The Real Superman Part XII

The Real Superman Part XII

By Jeff King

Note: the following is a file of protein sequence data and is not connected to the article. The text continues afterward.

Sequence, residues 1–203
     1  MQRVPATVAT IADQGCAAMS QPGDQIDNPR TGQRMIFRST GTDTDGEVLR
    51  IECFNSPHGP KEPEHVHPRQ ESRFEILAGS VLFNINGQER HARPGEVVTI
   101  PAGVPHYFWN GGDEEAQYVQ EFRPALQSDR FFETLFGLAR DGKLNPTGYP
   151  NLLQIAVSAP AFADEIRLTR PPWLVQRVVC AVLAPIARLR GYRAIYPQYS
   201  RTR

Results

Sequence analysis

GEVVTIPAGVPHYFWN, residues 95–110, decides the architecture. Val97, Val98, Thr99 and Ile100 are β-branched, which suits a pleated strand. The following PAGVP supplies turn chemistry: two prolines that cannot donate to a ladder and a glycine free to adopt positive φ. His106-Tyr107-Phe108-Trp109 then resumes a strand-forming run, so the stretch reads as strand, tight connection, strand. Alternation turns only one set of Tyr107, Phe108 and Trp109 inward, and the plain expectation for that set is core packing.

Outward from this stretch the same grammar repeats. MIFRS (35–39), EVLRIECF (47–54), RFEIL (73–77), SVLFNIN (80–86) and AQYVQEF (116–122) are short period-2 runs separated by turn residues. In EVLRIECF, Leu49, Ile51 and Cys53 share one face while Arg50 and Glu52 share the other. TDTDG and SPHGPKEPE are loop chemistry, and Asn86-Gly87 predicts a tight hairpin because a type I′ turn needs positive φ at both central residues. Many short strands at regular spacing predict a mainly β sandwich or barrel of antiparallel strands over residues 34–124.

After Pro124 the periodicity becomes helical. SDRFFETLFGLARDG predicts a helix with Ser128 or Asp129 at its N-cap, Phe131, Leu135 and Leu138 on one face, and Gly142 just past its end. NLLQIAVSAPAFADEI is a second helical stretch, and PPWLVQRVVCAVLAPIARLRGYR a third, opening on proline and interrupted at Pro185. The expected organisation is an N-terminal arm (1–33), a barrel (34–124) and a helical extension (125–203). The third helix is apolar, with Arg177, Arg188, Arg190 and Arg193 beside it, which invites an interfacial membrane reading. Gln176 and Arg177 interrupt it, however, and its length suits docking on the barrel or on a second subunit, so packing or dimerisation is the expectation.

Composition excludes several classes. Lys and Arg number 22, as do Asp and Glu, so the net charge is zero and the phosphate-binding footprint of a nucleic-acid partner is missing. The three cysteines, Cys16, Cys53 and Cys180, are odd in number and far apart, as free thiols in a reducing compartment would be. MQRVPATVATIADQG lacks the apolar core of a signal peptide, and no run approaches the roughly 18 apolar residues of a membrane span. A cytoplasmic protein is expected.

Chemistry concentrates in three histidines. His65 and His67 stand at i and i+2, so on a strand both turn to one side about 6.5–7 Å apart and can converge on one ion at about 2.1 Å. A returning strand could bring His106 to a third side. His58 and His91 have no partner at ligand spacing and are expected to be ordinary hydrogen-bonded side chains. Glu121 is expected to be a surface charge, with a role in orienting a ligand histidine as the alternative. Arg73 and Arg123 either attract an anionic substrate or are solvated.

We began hearing a term called VNS. This procedure was supposed to be working miracles for people who suffered from intractable epilepsy. I didn’t even know what VNS was, let alone how it was done, so I began to research it. I went to the Epilepsy website and began to read about this new and innovative procedure that was helping tens of thousands of people who suffered from epilepsy. They termed this new procedure as, “the pacemaker for the brain” (Schachter, 2013). This device is placed under the skin on the left side of the chest. The wire runs to the Vagus nerve which is a part of the autonomic nervous system. This nerve controls functions of the body which are not under voluntary control. The neurologist sets the devices impulse to send a small jolt of electricity to the Vagus nerve. In theory this can stop a seizure from happening. You are also given a magnet that you can use for any onset signs of seizures, or when a seizure comes on. You placed the magnet over the stimulator outside the chest and in theory, it stops the seizure. You can learn more about it at http://www.epilepsy.com/learn/treating-seizures-and-epilepsy/devices/vagus-nerve-stimulation-vns. This sounded wonderful, a very promising weapon against seizures. The more I read about it as well as testimonies from patients and parents and family members of patients the more I liked it. My wife had also checked it out and we were determined to talk to Dr. Rubenstein about it.